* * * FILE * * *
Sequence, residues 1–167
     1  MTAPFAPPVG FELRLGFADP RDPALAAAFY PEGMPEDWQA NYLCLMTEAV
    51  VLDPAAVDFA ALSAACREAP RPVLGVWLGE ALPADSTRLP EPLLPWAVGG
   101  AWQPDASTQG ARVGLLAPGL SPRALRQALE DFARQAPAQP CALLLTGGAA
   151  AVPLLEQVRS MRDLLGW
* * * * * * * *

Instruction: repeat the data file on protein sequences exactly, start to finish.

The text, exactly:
Sequence, residues 1–167
     1  MTAPFAPPVG FELRLGFADP RDPALAAAFY PEGMPEDWQA NYLCLMTEAV
    51  VLDPAAVDFA ALSAACREAP RPVLGVWLGE ALPADSTRLP EPLLPWAVGG
   101  AWQPDASTQG ARVGLLAPGL SPRALRQALE DFARQAPAQP CALLLTGGAA
   151  AVPLLEQVRS MRDLLGW